The seeds of the Cold War were sown before the end of World War II at the conference table at Yalta where Roosevelt, Churchill, and Stalin divided up the real estate of the post-war world. Here the Big Three made the decisions that would lead to the assembling of the nations constituting the Soviet bloc and, on the other side of the iron curtain, those that would join NATO. Here, too, according to his Republican critics, did Roosevelt lose China to the Communists. The war had created the Soviet superpower and it had, furthermore, unleashed upon the world the atomic bomb, which in due course the Soviets would also possess. The Cold War was a war of nerves, of lines drawn in the dirt, of bluster and posturing, of pronouncements and doctrines, of brinkmanship diplomacy and frustratingly indecisive military conflicts, which, however, stopped short of world war. John F. Kennedy, in his inaugural address, lyrically expressed the essence of the Cold War: "Now the trumpet summons us again--not as a call to arms, though arms we need; not as a call to battle, though embattled we are, but a call to bear the burden of a long twilight struggle year in, and year out, 'rejoicing in hope, patient in tribulation.'" Rhetoric did not merely describe the Cold War, it animated it. Harry Truman's presidential rhetoric established the stance and national self- image of the United States in this long epoch of U.S. foreign policy. The United States became in the words of David Horowitz "the free world colossus," or, to use Dante Germino's equally apt expression, a "supernation," that took upon itself the responsibility of protecting and championing the cause of freedom against its Communist foe.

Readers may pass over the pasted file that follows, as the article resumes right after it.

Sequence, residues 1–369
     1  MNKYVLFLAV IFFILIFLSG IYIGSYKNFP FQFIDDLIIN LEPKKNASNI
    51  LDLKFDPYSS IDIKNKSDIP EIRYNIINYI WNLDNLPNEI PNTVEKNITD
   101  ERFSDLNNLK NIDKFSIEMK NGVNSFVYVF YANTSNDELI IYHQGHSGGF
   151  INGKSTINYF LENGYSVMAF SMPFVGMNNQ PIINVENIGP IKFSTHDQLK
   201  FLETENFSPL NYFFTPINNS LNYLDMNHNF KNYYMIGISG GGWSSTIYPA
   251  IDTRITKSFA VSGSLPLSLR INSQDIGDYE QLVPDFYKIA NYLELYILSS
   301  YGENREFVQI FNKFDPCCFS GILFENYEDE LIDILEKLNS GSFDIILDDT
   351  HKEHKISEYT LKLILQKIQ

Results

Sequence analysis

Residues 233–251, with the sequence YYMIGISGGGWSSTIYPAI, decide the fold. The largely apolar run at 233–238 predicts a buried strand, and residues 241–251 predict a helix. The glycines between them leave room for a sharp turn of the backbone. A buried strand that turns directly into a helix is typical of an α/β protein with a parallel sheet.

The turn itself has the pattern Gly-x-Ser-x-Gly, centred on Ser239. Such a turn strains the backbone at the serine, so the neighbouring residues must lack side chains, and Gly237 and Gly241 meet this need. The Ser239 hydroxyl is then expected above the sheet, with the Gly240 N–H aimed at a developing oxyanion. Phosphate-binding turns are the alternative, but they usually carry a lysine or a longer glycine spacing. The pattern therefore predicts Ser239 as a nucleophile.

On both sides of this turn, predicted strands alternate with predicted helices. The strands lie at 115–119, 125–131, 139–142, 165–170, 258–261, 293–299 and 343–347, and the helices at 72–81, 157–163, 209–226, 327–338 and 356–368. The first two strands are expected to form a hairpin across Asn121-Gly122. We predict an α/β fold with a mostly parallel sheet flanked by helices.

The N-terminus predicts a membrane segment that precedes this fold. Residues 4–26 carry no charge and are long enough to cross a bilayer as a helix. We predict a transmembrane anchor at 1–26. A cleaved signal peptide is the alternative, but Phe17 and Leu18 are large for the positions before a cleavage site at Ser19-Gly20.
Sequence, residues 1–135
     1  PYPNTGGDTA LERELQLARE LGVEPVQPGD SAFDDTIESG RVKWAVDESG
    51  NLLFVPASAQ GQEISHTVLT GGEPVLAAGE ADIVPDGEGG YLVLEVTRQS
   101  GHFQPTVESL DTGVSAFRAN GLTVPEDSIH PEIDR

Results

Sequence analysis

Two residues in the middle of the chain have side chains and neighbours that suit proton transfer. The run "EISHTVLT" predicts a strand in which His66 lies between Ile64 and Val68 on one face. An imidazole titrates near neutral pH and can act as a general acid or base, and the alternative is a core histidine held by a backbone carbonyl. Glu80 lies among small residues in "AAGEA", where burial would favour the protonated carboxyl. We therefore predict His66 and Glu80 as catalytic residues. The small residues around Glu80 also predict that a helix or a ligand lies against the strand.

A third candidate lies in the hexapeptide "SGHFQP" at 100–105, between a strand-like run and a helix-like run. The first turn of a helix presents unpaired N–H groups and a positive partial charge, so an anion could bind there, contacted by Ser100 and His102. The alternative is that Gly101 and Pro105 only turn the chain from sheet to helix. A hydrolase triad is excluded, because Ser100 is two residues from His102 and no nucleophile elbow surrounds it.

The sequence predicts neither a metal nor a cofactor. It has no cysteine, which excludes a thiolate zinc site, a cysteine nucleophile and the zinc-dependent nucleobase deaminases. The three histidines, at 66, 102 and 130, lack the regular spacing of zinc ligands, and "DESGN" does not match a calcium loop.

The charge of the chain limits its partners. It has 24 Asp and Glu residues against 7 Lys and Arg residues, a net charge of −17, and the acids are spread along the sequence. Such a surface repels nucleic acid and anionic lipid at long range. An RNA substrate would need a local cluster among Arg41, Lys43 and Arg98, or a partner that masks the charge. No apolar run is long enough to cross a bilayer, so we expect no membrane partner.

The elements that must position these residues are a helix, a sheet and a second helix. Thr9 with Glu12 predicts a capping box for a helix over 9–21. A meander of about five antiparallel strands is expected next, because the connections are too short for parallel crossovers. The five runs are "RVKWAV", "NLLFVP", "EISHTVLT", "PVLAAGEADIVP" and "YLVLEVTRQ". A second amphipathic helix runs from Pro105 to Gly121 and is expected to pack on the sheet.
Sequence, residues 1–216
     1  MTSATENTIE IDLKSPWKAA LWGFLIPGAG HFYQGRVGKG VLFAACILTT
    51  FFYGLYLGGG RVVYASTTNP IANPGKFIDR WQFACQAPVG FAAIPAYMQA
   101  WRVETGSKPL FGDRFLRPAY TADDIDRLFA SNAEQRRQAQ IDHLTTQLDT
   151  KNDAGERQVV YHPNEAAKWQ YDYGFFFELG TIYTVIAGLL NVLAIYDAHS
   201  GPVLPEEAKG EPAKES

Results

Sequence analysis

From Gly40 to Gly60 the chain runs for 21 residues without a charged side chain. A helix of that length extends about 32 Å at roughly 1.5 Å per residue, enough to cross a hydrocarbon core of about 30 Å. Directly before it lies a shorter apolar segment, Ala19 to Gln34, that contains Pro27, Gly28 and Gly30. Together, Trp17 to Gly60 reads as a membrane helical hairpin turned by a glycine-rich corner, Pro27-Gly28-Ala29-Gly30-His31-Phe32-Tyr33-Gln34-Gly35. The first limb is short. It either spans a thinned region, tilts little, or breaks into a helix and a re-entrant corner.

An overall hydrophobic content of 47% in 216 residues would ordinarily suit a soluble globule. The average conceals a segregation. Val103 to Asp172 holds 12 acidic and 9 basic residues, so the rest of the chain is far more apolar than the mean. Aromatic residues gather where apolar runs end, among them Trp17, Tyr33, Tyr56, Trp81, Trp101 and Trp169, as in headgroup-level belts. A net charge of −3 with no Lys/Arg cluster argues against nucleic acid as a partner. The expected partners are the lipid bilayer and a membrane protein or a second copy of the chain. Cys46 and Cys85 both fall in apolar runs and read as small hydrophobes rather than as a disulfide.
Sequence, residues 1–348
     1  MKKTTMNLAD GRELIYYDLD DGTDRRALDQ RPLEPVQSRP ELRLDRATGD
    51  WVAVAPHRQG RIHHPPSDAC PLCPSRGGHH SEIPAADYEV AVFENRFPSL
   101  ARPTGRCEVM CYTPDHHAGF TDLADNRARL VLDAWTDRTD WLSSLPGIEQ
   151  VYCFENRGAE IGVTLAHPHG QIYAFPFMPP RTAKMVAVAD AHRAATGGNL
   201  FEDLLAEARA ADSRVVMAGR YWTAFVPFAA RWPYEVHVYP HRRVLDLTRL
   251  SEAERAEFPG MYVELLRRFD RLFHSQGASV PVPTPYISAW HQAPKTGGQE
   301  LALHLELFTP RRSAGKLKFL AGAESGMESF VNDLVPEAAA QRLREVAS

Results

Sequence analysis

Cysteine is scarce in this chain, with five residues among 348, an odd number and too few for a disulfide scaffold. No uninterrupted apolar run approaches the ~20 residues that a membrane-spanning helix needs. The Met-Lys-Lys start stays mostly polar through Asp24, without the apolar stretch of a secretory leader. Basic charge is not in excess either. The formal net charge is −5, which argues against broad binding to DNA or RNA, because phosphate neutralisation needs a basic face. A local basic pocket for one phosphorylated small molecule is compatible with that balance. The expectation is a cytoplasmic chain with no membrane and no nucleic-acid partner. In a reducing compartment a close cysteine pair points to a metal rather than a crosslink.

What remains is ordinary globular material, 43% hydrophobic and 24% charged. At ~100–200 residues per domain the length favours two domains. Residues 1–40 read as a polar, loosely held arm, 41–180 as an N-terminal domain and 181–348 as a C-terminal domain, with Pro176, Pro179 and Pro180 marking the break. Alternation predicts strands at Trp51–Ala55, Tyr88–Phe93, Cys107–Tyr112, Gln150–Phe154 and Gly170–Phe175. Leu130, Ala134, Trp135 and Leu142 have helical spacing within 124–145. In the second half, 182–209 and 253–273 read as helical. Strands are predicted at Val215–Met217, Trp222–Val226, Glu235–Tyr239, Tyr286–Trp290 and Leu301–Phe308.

For forty years the nation fought in word and deed against the perceived threat of Communist world domination. In the first decades of